It is a science that explores what knowing is. It focuses on how babies, then young people, then adults, learn. Education-as-science is a specially focused form of knowing: knowing how knowing happens and how capacities to know develop. It is, in a sense, the science of all sciences. It is also concerned with the organization of teaching that supports systematic, formal learning and the institutions in which that learning occurs.
Too often, education is regarded as a poor cousin of other disciplines in the university – the natural sciences, the humanities and the other professions, for instance. It is regarded as something that enables other disciplines, rather than being a discipline in its own right. This is often reflected in reduced levels of research funding, lower student entry requirements and the destination salaries of graduates. Education seems to be less rigorous and derivative. Its disciplinary base borrowed from other, apparently more foundational disciplines – sociology, history, psychology, cognitive science, linguistics, philosophy – and the substantive knowledge of various subject areas, such as literature, science and mathematics.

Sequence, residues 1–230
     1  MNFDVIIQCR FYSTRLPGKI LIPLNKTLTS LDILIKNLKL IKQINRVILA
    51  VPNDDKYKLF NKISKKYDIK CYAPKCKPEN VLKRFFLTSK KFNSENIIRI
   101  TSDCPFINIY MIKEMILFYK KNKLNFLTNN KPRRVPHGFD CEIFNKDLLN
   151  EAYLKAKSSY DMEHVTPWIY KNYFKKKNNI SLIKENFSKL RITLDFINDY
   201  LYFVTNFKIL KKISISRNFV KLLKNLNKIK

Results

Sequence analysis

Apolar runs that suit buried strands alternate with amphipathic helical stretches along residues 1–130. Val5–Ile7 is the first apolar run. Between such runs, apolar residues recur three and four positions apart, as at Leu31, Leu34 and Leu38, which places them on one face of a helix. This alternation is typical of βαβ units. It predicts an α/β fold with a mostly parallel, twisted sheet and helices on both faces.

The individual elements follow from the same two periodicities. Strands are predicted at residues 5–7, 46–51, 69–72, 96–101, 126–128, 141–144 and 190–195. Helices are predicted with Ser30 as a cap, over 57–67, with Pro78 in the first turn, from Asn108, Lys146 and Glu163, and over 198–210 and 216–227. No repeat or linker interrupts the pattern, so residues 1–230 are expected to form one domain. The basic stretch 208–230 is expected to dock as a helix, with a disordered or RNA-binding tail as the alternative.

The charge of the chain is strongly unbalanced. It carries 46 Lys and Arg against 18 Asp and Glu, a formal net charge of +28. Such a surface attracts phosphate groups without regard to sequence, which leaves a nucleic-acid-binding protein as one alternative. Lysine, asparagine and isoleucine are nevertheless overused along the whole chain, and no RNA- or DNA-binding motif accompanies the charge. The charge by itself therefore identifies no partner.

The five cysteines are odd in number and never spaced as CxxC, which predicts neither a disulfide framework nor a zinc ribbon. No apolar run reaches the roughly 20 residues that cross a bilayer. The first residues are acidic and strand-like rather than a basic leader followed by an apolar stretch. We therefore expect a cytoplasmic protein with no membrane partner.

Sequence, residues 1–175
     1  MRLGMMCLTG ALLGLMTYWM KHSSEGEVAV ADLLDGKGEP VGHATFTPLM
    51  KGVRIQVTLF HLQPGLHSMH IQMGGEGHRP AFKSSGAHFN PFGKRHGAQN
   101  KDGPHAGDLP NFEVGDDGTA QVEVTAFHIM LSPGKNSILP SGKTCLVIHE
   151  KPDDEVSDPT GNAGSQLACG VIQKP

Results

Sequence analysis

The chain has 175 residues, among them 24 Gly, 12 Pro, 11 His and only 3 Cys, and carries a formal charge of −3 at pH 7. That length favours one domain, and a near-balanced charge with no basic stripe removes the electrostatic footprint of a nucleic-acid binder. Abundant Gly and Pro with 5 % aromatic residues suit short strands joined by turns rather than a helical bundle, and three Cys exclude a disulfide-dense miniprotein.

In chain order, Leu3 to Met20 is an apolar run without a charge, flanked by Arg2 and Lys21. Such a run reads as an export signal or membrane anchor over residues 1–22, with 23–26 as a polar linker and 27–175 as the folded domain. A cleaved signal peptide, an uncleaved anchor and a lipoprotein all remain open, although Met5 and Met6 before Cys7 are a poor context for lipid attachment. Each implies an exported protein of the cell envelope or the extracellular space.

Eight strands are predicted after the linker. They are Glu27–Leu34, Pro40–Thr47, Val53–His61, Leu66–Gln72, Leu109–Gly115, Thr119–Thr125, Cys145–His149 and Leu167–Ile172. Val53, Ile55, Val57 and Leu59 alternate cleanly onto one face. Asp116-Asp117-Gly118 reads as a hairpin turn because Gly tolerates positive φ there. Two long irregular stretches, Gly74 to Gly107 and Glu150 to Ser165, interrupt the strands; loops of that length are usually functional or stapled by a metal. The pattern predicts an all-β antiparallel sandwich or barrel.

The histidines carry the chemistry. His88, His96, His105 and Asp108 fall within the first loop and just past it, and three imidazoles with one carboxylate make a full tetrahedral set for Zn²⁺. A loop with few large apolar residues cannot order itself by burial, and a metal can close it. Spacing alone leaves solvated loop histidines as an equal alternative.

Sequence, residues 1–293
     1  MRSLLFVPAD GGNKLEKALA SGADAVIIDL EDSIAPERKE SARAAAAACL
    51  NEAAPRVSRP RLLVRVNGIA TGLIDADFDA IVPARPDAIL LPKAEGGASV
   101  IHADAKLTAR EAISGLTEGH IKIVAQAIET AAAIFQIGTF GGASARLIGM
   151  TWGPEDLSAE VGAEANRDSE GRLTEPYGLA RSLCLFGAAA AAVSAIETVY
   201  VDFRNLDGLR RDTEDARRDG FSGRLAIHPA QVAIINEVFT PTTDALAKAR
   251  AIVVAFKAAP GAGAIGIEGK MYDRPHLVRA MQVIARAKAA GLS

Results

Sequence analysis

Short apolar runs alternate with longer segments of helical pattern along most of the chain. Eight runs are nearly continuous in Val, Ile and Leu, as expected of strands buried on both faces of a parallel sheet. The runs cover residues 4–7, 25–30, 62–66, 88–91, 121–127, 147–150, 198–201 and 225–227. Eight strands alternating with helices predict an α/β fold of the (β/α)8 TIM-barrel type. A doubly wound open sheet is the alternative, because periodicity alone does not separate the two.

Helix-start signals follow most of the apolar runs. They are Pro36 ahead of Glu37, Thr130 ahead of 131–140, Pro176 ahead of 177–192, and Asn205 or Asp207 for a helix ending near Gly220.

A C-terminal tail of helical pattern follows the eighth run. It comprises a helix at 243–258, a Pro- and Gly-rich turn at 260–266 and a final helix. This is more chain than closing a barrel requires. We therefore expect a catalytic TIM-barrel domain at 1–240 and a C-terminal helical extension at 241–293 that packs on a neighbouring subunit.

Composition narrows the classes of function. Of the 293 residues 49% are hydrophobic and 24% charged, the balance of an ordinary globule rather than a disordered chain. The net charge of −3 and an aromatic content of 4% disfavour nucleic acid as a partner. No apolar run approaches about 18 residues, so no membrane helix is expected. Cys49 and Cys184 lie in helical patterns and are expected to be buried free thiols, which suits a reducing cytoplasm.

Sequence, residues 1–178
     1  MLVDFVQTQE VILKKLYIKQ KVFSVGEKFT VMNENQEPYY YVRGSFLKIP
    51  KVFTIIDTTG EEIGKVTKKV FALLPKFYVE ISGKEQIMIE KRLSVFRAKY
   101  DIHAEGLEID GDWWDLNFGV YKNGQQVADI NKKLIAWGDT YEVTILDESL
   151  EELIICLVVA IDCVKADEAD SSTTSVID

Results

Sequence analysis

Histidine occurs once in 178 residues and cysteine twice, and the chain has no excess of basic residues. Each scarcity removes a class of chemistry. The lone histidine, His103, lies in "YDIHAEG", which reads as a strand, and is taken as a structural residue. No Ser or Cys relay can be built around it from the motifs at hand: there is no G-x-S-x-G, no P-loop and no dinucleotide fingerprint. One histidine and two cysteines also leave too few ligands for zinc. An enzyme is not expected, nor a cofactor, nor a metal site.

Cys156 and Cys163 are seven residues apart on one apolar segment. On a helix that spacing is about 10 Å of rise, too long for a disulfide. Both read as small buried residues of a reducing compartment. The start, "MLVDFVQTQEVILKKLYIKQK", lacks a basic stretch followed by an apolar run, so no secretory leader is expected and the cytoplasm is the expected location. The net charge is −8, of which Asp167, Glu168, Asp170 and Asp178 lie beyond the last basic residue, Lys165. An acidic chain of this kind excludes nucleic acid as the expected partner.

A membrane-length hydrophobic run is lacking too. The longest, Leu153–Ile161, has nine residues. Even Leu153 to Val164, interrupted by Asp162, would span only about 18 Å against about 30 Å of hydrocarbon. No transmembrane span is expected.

For sure, education is broader-ranging and more eclectic than other disciplines. Education draws on a number of disciplinary strands – the philosophy of knowledge (epistemology), the cognitive science of perception and learning, developmental psychology, the history of modern institutions, the sociology of diverse communities, the linguistics and semiotics of meaning – to name just a few of education’s disciplinary perspectives. These and other strands come together to make the discipline of education. In this sense, education is more than a discipline – it is an extraordinarily interdisciplinary endeavor.